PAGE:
Amazed and intrigued with the notion that perhaps nobody at the location -- with the exception of me -- had ever seen a corpse outside a silk-lined casket, I tucked my notebook into my messenger bag and closed my jacket over my camera. With hair that was neither long nor short, not really dark or light, and a build that could best be described as average, I had always been good at disappearing in a crowd. I wondered as I glanced offshore at the island that loomed in the distance, interrupting an otherwise pristine horizon, how my life would have been different had my mother not plucked me away from my island birthplace and planted me in South Florida. Yes, I thought, that must be the Acadia Island I had wondered and fantasized about. If I had been raised there, I wondered, would I be here now as a real member of this assembly? I must still have family there.
Florida had been the most exotic and faraway place my mother could imagine when she decided to escape Maine with her two children; my brother, Wally, was just an infant. I thought the three of us were moving to another country by the time the Ford LTD station wagon rattled over the border of Georgia and into the state that would become our new home. Nearly thirty-eight years later, I could still hear the whoop my mother let out when she read the sign welcoming us to Jacksonville, as clearly as I had from my cozy nest of blankets in the backseat of that old car. As if we had been chased the length of the eastern seaboard by something that couldn’t penetrate the northern border of the Sunshine State, my mother declared us free. So at the age of four, I decided that my mother was different from other mothers.
My familiar stroll down this well-worn path of imaginative memory was cut short by a high-pitched screech and a flood of tears from a woman right beside me. Too well dressed to belong in the scene, I thought, the screamer stood out in the sea of long white lab coats -- the plant’s traditional uniform. This woman’s reaction to the sight of Nick Dow’s lifeless body was telling. Perhaps they had been lovers. Except for this one outburst of emotion and a few gasps that had slipped from behind hands trying to contain them, this body had been viewed nearly as casually as an abandoned shell that once housed a hermit crab. I was struck by how different this scene was from the many I had witnessed in Dade County. Maybe this coolness was the Yankee way. Or maybe no one had liked Dow much. Ginny Turner’s reaction was significantly different. Ginny was quite dismayed at her own misfortune of a delayed start to this morning’s schedule. If this had occurred on one of Florida’s beaches, a southern Ginny would have closed up shop for the week and been home baking for the funeral festivities. There would be a lot of crying and carrying on. Someone would have thrown him- or herself on top of the body by now. These northerners were quite different. My mother had never meshed with Floridians. I was beginning to understand that the difference was ingrained. Although I had never known exactly what my mother had fled, I understood that my retreat north was every bit as calculated as hers had been.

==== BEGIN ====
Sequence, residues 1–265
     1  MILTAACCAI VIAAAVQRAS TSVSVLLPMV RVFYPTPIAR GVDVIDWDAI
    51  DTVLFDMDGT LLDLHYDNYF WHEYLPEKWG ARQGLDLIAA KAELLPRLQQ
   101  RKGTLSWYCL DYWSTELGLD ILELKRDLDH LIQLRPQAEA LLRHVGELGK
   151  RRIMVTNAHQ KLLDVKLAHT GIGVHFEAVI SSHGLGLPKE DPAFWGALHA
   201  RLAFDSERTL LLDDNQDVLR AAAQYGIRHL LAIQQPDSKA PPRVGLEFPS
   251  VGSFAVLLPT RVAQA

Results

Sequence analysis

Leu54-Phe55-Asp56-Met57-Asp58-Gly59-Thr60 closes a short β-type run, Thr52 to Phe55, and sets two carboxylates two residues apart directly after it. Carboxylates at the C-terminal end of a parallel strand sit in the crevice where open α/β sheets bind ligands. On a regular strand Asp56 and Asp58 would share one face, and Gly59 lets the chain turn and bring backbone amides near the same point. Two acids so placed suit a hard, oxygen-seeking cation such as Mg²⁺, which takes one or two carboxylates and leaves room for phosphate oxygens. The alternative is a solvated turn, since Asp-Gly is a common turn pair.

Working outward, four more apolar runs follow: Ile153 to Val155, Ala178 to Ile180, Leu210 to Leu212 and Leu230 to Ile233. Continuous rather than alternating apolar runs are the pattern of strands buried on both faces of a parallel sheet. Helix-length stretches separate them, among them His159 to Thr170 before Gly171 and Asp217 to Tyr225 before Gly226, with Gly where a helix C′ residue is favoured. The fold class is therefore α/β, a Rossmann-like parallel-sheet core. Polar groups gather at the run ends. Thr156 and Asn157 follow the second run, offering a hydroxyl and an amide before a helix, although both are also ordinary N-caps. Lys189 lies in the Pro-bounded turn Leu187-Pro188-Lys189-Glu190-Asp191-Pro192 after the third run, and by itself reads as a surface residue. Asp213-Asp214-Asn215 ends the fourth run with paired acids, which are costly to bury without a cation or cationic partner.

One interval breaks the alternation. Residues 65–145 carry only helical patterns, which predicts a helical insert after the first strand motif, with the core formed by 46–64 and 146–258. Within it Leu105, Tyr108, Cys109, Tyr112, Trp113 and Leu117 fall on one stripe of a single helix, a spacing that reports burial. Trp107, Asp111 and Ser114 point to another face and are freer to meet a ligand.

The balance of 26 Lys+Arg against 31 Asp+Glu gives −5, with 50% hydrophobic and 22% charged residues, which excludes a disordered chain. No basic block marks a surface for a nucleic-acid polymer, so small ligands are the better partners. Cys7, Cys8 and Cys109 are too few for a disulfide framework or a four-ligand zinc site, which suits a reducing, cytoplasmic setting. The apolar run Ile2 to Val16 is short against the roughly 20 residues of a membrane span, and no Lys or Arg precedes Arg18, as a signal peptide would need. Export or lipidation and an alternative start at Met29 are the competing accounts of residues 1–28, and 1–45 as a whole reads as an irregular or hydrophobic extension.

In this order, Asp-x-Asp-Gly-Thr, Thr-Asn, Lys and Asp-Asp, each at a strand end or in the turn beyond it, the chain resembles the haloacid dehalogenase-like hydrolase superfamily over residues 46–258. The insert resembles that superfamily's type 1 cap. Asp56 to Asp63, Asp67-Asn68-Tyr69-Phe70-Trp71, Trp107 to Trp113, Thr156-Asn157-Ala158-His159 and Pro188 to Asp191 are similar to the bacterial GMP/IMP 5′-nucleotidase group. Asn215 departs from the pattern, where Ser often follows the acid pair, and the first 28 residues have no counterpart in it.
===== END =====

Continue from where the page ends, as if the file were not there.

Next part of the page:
As I brushed by the sobbing, overdressed woman whose face was buried in the neck of a consoling bystander, I heard single chopped syllables staggering through all her gulps and sniffles. From what I could piece together of the almost unintelligible hysteria, I knew that, at least in the mind of one woman, this death was not a simple drunken misstep off a dock. Something had “gone . . . too . . . far.”